Accordingly, Professor AV Hill, Secretary of the Royal Society, London visited India in 1943 and interacted with officials concerned and identified Hyderabad as the location for establishing an Industrial research laboratory. Hyderabad being particularly rich in raw materials, especially vegetable oils, coal, various types of clays On the suggestion of the Government of India, a BSIR was also established in Hyderabad in 1942 and two years later CLSIR was created to carry out similar functions in Hyderabad State. By the Firman dated August 5,1944, the Nizam directed the Government to set up the CLSIR at Hyderabad and the appointment of Dr. Muzzaffaruddin Qureshi as its first Director.The Government Industrial Laboratory, Hyderabad, which had been functioning for over two decades, was merged with CLSIR. The Hyderabad BSIR too became a part of CLSIR. After Independence, the state of Hyderabad has merged with Independent India, and CLSIR started working closely with CSIR. A pioneering effort to promote research and provide assistance to small industries was made by the Hyderabad Government through the creation of and Industrial Trust Fund. Many of the large pilot plants set up by the CLSIR were financed by the Fund.

Dr. S Hussain Zaheer was appointed as Director of CLSIR on November 28,1948. On taking over the charge, Dr. Zaheer reoriented the Institute's research focus on Oils & Fats; Coal & Fuels; Heavy Chemicals and Fertilizers; Ceramics; Organic Chemistry, Pharmaceuticals and Drugs; Biochemistry; Physical Chemistry; Chemical Engineering and Operations Research.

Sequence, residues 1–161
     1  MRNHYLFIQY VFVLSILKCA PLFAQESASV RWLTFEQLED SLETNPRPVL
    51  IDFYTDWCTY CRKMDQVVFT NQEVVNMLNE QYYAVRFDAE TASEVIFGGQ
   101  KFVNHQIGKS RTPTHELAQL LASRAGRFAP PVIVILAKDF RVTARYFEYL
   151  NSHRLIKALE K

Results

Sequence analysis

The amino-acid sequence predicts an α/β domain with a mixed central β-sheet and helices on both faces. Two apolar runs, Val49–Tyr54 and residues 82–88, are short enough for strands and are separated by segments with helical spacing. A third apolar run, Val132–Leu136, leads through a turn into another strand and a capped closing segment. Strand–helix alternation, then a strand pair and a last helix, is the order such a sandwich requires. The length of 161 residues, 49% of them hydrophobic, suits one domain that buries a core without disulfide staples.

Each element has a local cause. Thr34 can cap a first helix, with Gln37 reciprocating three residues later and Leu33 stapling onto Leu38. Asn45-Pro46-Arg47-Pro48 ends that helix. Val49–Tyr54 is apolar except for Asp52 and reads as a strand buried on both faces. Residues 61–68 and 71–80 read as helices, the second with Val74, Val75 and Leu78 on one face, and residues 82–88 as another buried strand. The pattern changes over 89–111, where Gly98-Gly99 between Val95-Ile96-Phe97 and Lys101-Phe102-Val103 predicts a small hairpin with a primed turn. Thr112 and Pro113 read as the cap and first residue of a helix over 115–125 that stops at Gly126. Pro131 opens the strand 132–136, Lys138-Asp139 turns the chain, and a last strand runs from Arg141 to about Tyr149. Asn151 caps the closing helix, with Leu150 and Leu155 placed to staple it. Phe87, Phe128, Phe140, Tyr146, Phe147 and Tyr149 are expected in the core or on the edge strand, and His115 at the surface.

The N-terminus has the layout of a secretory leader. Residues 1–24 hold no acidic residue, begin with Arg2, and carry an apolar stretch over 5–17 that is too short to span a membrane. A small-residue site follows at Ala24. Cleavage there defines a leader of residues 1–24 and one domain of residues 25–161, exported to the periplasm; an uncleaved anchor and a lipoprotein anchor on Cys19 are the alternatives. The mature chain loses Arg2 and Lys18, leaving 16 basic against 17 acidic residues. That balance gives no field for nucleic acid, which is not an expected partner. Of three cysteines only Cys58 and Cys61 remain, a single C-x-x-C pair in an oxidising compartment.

Regional Research Laboratory, Hyderabad (RRL-H):

CLSIR was formally taken over by the CSIR on April 13,1956 and was renamed the Regional Research Laboratory, Hyderabad. RRL-H has the distinction of becoming the first Regional Research Laboratory to be set up by CSIR. In 1950s through eighties, RRL-H assumed national importance as leading organization in Chemical Sciences and Technology in several areas like coal, oils & fats, paints ceramics, paper, drugs etc. Dr. Hussain Zaheer was appointed as Director General, CSIR in 1964 and Dr. GS Sidhu succeeded him as the Director of RRL-Hyderabad. A major event which brought about structural changes in the Laboratory was the establishment of semi-autonomous "Centre for Cellular and Molecular Biology (CCMB)" on April 1,1977. The Biochemistry Division of RRL-H formed the nucleus of CCMB and Dr. PM Bhargava as its Head. After being at the helm of affairs for close to two decades as Director RRL, Dr. Sidhu was appointed as Director General CSIR on May 5,1981. Dr. G Thyagarajan took over as Director of RRL-H on February 2,1981. On the request of CSIR, Dr. Thyagarajan moved to CLRI, Madras as Director. Dr. AV Rama Rao was appointed as Director RRL-H on July 15, 1985. With a view to bring in cohesion to the R&D activities of RRL-H, the laboratory was reorganized into major divisions and supporting infrastructural groups to cater the emerging needs.